What's a day in the life of a Catholic sister or nun? This is a tough question to answer because Catholic sisters and nuns have such a variety of lifestyles, ministries, and callings! Each community has its own distinctive personality and flavor. No two communities -- indeed no two nuns -- are the same! Sometimes we envision sisters living a highly ordered life that is unchanging in structure and monotonous in content. But in reality, while there may be some regular customs and practices, a day in the life of a Catholic sister and nun can be quite varied -- especially when the Holy Spirit is in charge!

Day in the Life of a Catholic Sister or NunThough there may be lots of variation, there are a few things that never change across religious communities. Whether a sister or nun is monastic, apostolic, or cloistered, each and every day includes the following:

  1. Prayer
  2. Community
  3. Ministry

Prayer. God is the center of our life as sisters (indeed this is true of all people of faith)! We tend to this relationship as the most precious in our life and find that all of our other relationships flow in and through this central love of God. As Catholic Christians, our faith springs forth from a love of Jesus the Christ and a desire to allow the Gospel to permeate fully our life. Daily prayer for sisters and nuns may be focused at regular times throughout the day. Prayer may be something we consciously tend to in the midst of our work and interactions and experiences. Prayer includes the Sunday Eucharistic celebration and may also include other liturgies and common prayer services. We pray in solitude and with our sisters, parishes, local communities, and others. Prayer may be reflective reading, absolute silence, singing, painting, building, running. Prayer may reflect the tradition and charism of our communities' founders and early sisters. Prayer may be formulaic or freeform. In whatever ways we pray, we open ourselves to God and share our cares and concerns, joys and sorrows with our Compassionate God.

Community. "Will you in all things take your sisters into account?" As I was discerning the call to religious life, one of my nuns told me that this was one of the questions that she was asked many years ago as she prepared to enter the community. I love it because it has given shape to how I understand the vow of obedience in particular and my life as a sister in general. We take the "common good" very seriously and make each and every decision in light of how it affects our sisters and how it affects the mission God has entrusted to us. Religious life is not a group of individuals, though indeed we are each individuals. Religious life is not a interest-based group, though indeed we have a common mission. Catholic sisters and nuns are part of a sisterhood both within our communities and among our communities.  We live and move and have our being with one another. This central notion of community can be expressed in many different ways -- praying together, working towards a common goal together, living together, sharing meals together, sharing the same bank account! In any given day, you will find a sister's life intimately connected with the life of her sisters.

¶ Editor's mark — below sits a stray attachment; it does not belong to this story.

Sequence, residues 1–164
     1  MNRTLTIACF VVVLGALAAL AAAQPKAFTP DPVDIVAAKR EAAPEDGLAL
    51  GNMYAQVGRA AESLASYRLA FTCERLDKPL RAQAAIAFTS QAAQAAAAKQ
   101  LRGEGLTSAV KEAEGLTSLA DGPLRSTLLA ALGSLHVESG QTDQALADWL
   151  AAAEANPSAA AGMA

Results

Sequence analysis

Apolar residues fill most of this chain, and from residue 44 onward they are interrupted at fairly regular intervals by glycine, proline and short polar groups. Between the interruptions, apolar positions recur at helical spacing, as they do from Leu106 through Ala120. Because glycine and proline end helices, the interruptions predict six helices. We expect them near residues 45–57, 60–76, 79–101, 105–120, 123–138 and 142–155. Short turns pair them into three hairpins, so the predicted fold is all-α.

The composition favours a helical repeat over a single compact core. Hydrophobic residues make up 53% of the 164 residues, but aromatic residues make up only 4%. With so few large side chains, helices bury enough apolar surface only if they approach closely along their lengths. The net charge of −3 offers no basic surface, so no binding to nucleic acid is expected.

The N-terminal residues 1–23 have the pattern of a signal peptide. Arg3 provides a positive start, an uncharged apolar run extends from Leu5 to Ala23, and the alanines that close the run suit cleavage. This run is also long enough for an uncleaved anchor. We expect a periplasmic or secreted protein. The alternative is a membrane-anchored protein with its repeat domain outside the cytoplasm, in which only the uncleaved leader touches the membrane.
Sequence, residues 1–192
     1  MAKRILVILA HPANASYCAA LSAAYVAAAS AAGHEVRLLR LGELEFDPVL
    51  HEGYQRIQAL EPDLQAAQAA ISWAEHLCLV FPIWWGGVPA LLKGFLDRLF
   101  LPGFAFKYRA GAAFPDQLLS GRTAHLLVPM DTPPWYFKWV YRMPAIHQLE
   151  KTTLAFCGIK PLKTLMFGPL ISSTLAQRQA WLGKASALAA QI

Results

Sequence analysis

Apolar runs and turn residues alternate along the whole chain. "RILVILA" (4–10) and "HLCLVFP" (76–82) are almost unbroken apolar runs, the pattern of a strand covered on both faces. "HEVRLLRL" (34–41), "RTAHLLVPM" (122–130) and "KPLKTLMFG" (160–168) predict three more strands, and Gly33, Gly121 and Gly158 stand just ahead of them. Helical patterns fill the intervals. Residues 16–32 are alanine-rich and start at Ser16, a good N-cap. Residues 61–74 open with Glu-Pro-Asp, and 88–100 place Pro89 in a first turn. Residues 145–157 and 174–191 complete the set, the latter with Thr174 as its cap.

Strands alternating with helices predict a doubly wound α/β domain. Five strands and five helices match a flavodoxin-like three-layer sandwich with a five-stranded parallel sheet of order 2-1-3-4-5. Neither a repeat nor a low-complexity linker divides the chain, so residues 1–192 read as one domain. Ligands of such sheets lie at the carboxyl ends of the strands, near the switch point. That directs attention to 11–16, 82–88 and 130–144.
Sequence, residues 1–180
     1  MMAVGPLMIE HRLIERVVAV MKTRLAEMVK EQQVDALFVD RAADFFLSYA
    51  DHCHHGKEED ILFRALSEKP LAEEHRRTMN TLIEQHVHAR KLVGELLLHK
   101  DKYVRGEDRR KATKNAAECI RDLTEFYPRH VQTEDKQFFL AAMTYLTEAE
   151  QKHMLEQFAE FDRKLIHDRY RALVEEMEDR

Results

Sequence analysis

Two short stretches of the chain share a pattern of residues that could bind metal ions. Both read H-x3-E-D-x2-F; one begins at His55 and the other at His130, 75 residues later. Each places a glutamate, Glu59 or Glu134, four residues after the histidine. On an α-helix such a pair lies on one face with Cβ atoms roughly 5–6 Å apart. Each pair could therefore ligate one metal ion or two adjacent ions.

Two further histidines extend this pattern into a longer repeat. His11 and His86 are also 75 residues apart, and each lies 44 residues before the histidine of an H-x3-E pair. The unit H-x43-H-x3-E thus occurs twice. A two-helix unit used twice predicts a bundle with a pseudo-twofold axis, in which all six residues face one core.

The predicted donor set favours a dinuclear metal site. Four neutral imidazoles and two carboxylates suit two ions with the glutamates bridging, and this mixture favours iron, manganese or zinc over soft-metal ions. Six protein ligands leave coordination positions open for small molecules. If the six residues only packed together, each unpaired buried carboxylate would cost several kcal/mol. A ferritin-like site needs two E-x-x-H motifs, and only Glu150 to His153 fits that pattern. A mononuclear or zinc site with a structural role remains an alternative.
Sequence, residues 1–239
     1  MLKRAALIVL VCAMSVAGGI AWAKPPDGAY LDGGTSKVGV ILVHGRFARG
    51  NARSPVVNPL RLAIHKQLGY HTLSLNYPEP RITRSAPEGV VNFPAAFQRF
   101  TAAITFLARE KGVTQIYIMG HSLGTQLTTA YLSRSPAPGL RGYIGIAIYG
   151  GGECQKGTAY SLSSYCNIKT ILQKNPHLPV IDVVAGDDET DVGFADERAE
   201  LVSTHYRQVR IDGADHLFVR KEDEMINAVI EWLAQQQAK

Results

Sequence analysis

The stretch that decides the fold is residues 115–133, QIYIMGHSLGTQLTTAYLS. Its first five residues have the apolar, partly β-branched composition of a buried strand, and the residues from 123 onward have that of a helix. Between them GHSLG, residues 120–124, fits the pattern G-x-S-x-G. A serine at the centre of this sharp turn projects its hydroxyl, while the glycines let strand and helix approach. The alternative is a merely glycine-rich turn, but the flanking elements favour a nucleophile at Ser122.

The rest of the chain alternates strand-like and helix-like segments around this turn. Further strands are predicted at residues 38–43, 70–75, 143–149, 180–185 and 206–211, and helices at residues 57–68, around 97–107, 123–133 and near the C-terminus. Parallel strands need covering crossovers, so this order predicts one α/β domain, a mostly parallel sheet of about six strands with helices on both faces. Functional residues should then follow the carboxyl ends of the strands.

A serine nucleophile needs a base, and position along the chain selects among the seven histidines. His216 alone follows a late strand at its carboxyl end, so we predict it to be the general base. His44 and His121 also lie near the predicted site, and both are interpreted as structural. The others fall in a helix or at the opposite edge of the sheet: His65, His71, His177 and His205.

Ministry. Our relationship with God and our relationships in community compel us in our outreach to and with others. In turn, our experiences in ministry enrich all that we are. Sisters and nuns minister in a myriad of ways -- basically wherever there is need and wherever God is calling. Ministry ranges from holding the suffering of the world in deep prayer to digging wells for improved access to safe water to a tender presence for someone in need. We may hold jobs that are in parishes, schools, hospitals, universities, NGOs and nonprofits, clinics, civic organizations, and pretty much anywhere. We may not be employed in the conventional sense but nonetheless work tirelessly on behalf of others through advocacy, education, inspiration, sacrifice, healing, mindfulness, hospitality, and so many other ways. Each sister or nun will always have a slightly different way of describing her daily ministry!

Next time you wonder about the daily life of a Catholic sister or nun, look for these three common elements -- prayer, community, and ministry -- and see the unique ways each community and person is living God's call!